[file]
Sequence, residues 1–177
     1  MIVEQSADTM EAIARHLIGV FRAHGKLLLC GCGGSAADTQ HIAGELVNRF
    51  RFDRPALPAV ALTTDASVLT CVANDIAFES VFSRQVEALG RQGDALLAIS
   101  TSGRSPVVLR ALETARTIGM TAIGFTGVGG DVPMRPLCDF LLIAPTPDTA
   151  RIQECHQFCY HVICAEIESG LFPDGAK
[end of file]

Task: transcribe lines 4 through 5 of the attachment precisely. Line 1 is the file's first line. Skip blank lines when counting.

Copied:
   101  TSGRSPVVLR ALETARTIGM TAIGFTGVGG DVPMRPLCDF LLIAPTPDTA
   151  RIQECHQFCY HVICAEIESG LFPDGAK